Most adaptive optics systems are only able to correct in a small region (the "isoplanatic patch") around a bright "guide star" (say, half an arc minute in radius at most); even with artificial laser guide stars, you still need a moderately bright guide star for so-called "tip-tilt" correction. This means you can only do adaptive optics searches in limited parts of the sky.

HST, on the other hand, delivers high-resolution imaging throughout its entire field of view (several arc minutes across), all the time, regardless of where it's pointed.

To make matters worse, the trajectory of New Horizons is close to the Galactic plane, so there are lots of faint background stars. This makes it harder to pick out possible Kuiper Belt objects, making a very accurate and stable point spread function (such as that of HST) even more important.

These searches are best done in the optical, to minimize the sky background. The absence of atmospheric sky glow (mostly scattered light from the Sun and Moon) for HST makes it easier to quickly detect faint sources like KBOs. The fact that adaptive optics systems, as you and Rob Jeffries note, work almost entirely in the near-infrared, where the atmospheric background is much higher, makes it even worse for them.

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  • $\begingroup$ Good points about the guide star and field of view. $\endgroup$ – Rob Jeffries Sep 6 '17 at 21:28
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Adaptive optics only mitigate the air turbulence that blurries the images - and even that is only a partial recovery.

All other issues remain. Air absorbs various wavelengths. Air has a certain amount of glow from various sources (light pollution, etc) which masks faint objects. Etc.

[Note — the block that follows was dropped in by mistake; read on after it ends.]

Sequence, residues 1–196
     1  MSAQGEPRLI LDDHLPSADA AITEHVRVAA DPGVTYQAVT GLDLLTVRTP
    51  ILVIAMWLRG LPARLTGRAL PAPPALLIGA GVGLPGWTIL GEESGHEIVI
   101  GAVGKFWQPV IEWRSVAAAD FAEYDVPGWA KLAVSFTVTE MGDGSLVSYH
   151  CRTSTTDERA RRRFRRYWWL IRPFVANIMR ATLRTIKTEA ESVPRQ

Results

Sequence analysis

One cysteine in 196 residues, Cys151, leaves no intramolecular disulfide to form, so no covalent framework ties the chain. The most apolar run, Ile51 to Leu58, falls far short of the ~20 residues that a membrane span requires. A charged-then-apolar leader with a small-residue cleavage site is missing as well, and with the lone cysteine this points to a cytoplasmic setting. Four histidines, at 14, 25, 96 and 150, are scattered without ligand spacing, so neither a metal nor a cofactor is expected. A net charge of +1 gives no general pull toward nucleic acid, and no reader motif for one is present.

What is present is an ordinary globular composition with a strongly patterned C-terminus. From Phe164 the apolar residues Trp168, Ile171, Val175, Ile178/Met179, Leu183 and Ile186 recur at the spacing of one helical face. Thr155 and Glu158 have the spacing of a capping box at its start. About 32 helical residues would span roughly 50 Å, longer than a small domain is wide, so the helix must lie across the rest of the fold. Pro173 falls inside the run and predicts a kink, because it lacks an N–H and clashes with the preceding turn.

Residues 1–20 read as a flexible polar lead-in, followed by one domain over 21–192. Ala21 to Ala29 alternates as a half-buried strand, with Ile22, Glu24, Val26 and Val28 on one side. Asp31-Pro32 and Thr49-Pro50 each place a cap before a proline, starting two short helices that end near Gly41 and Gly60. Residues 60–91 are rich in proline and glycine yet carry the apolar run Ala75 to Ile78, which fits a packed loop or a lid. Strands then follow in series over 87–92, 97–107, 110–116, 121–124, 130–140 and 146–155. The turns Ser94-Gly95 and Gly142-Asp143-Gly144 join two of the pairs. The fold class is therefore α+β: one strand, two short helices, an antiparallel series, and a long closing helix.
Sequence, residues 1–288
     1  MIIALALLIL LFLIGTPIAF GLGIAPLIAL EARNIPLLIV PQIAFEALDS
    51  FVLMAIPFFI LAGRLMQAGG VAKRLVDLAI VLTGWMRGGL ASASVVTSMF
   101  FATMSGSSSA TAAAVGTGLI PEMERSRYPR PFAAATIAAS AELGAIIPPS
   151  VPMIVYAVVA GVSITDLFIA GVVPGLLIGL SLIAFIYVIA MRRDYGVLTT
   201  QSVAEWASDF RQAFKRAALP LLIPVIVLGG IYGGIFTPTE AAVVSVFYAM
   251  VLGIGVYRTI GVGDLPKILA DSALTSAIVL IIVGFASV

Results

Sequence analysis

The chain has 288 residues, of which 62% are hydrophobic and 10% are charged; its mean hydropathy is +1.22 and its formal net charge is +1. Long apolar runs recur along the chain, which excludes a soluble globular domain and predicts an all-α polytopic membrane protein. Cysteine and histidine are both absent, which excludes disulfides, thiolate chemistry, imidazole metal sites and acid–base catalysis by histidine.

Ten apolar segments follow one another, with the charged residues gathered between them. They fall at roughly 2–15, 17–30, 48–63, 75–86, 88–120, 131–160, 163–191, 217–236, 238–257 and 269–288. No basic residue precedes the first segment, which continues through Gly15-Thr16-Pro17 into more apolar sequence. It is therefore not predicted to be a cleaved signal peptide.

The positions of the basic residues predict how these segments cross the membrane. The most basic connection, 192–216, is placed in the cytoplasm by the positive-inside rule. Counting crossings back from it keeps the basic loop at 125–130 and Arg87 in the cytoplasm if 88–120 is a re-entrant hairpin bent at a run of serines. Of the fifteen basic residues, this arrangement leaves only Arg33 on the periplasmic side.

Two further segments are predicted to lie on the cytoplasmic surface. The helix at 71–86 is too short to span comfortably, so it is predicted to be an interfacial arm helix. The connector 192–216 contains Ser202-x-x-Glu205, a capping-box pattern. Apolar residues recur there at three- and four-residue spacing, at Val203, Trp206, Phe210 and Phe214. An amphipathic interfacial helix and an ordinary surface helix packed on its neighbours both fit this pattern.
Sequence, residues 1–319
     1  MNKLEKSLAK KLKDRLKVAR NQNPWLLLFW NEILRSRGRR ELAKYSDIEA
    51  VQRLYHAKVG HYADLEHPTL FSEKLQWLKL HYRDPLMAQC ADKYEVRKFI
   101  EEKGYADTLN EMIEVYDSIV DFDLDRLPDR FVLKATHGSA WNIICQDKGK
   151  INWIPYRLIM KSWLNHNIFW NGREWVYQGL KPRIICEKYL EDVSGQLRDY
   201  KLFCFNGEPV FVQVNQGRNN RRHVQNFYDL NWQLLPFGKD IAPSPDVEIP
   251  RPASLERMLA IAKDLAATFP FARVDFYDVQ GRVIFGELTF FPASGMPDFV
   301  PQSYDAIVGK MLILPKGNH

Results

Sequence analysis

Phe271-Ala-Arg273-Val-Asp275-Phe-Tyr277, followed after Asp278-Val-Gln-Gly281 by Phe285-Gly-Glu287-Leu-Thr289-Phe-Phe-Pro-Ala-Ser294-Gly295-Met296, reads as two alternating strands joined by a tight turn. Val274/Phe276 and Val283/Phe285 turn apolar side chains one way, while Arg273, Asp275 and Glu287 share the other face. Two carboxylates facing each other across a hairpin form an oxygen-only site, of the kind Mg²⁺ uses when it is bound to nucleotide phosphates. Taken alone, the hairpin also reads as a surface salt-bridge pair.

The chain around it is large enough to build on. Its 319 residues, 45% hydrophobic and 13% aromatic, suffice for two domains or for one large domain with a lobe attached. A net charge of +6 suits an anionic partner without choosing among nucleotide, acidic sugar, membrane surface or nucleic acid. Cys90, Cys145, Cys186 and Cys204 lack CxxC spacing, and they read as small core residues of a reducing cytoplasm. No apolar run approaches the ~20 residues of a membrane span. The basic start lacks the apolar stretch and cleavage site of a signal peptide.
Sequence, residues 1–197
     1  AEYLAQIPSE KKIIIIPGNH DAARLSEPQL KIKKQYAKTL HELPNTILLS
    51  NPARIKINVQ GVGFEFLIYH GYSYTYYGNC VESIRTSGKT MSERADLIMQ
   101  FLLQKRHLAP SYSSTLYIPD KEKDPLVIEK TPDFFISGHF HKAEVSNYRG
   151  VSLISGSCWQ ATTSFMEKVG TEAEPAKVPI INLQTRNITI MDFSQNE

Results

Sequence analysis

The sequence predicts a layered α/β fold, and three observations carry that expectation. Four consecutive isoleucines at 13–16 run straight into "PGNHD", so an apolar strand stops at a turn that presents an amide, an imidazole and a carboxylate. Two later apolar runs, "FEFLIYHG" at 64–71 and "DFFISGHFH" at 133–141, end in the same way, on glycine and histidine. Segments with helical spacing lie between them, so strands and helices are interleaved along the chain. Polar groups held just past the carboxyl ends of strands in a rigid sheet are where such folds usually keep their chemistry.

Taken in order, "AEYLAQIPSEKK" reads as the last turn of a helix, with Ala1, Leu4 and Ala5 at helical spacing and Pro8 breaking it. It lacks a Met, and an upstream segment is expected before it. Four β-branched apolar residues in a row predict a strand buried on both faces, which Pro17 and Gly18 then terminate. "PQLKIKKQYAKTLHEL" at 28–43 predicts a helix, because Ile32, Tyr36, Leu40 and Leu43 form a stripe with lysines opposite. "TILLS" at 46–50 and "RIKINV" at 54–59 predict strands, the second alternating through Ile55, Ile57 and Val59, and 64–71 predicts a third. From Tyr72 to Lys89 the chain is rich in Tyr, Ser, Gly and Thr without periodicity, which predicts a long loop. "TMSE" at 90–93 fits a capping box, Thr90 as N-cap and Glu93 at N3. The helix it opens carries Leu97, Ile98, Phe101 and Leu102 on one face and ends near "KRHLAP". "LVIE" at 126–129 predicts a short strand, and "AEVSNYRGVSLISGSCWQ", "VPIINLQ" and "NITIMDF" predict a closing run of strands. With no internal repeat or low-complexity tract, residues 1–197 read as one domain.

There is no real substitute for a large telescope operating in vacuum.

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I think you have hit the nail on the head in your question. KBOs are seen in reflected sunlight and they are incredibly faint, since the amount of reflected light reaching the earth goes as the inverse fourth power of their distance from us (see my answer to this question on trying to view Oort cloud objects).

To see such objects requires deep imaging observations with low levels of background contamination. That background is minimised by having images with an extremely small point spread function (PSF) - the kind of PSF that can only be achieved by space-based telescopes or ground-based telescopes using adapative optics.

However, the solar spectrum of course is strongly peaked in the visible region and ground-based adaptive optics systems are not effective in this wavelength range (ground-based AO works in the near-infrared, but in addition to the KBOs being intrinsically fainter at these wavelengths there is also the issue of background noise contributed both by the Earth's atmosphere and the telescope itself). Therefore the Hubble Space Telescope is the instrument of choice.